And the years before I even told my mother of her existence--all six of them--I'd try to hide my glassy eyes because of course she would wonder why I was fighting tears. It's just Silent Night....
It got a whole lot easier after I found my daughter, when she was fifteen.
And now she is gone again. She would be forty-four this year. She died in 2007, just before the holidays. As regular readers know, Jane took her own life. It was troubled right from the start, with abandonment issues, epilepsy, sexual abuse, PMDD, and all the attendant neuroses, and so when she died--even that first night after, as I absorbed the news--I knew that in her own way, she had made a rational decision. Though she was married to a good man, though she had Kimberly, a lovely, bright daughter, she now was finally raising, Jane's personal turmoil was not abating. Her internal demons were not going away. Life was not getting better. I do accept that.
But acceptance does not make Christmas shopping easier. I think of her when I am in a crowded store, looking over the pots and pans and tablecloths and sweaters and what-nots. I see things I know she would like, and pass by. They are meant for someone else now. At home, I treasure the gifts I have from her. I am glad I did not wait to find her, I found her at exactly the right moment. I think of the blessings I do have.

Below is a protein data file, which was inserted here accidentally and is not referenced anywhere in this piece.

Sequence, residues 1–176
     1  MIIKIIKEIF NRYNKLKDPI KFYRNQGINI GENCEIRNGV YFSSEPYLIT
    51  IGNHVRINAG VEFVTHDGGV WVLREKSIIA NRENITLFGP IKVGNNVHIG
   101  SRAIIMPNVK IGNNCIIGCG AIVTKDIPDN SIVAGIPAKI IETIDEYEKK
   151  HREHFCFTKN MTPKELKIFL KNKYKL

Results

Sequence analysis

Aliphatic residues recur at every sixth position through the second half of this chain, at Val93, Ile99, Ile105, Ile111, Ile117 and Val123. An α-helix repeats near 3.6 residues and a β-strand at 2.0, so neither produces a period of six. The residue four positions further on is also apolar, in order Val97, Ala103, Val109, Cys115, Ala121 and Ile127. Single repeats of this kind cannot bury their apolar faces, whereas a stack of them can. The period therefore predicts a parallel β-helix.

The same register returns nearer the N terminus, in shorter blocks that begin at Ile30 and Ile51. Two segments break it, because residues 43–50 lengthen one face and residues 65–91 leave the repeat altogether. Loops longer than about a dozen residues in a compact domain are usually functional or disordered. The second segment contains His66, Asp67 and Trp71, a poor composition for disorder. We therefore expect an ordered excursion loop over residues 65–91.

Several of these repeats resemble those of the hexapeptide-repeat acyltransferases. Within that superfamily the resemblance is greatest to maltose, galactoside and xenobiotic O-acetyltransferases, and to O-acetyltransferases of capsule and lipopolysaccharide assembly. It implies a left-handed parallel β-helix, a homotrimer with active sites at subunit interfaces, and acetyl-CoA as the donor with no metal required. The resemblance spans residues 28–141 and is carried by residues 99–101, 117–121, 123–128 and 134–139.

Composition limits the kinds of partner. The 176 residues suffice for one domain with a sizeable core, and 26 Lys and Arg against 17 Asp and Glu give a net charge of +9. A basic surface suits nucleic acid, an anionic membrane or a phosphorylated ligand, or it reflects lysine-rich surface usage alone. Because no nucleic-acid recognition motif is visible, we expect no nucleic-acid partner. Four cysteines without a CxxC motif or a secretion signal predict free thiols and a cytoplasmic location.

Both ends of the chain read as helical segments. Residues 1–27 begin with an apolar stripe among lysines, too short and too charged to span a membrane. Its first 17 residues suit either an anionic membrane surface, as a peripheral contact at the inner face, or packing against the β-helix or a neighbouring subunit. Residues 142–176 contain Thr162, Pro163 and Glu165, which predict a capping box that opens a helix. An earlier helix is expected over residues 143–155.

|Kim and Lorraine|
|Lorraine and Jennifer|
I know that many of you involved in adoption one way or another have been on a long and winding road that seems to have no end. Many of you are still searching for your children--and no matter how old they are, they are our children--or you are the adopted and are searching for your first/birth mother or biological/birth father. Or you have found but have not had a good resolution. Children reject the mother whom they feel rejected them; first mothers live in the closet and can not open their hearts and their lives to the children they relinquished decades ago. So many sorrows and hurts in the way. So much angst, so much fear of opening up the door that has long been closed.
But find in yourself the courage to go through that door. We all have as much courage as we need to do the hard things life puts in front of us. It is all there, waiting to be tapped.
Whether you are an adoptee or a first mother, open up your heart to the love that someone wants to give you. She or he will not be a "perfect" person, but he or she is the right person for you. And to those who have been rejected, I can only say that rejection is part of your Tao, your path, and you need to be brave and call upon that courage to move around, over, and beyond the rejection, and find empathy in your heart for the person you seek who cannot summon their own courage within.
There is no "right" time to do a search, or "right" time to make the call that completes a reunion, or mends a broken one and heals it. There is only time, and each day we have less of it. Each of us only have so much time, and none of us know how much that is, and it is hurrying by like a horseman in the night.--lorraine